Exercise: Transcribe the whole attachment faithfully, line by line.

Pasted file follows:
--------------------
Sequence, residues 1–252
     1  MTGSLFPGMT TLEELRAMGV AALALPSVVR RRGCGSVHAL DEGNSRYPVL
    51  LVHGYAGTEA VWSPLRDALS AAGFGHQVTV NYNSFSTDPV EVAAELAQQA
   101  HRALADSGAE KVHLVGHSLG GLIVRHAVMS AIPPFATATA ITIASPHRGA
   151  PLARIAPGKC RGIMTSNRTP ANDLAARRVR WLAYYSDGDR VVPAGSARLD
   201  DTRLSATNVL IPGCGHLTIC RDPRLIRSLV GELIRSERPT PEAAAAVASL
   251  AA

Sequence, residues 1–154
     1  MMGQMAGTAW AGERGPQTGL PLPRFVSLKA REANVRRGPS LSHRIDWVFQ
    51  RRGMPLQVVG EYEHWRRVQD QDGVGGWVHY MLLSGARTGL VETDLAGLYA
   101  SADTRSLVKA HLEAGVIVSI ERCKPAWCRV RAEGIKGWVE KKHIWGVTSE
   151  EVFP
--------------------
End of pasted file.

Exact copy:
Sequence, residues 1–252
     1  MTGSLFPGMT TLEELRAMGV AALALPSVVR RRGCGSVHAL DEGNSRYPVL
    51  LVHGYAGTEA VWSPLRDALS AAGFGHQVTV NYNSFSTDPV EVAAELAQQA
   101  HRALADSGAE KVHLVGHSLG GLIVRHAVMS AIPPFATATA ITIASPHRGA
   151  PLARIAPGKC RGIMTSNRTP ANDLAARRVR WLAYYSDGDR VVPAGSARLD
   201  DTRLSATNVL IPGCGHLTIC RDPRLIRSLV GELIRSERPT PEAAAAVASL
   251  AA

Sequence, residues 1–154
     1  MMGQMAGTAW AGERGPQTGL PLPRFVSLKA REANVRRGPS LSHRIDWVFQ
    51  RRGMPLQVVG EYEHWRRVQD QDGVGGWVHY MLLSGARTGL VETDLAGLYA
   101  SADTRSLVKA HLEAGVIVSI ERCKPAWCRV RAEGIKGWVE KKHIWGVTSE
   151  EVFP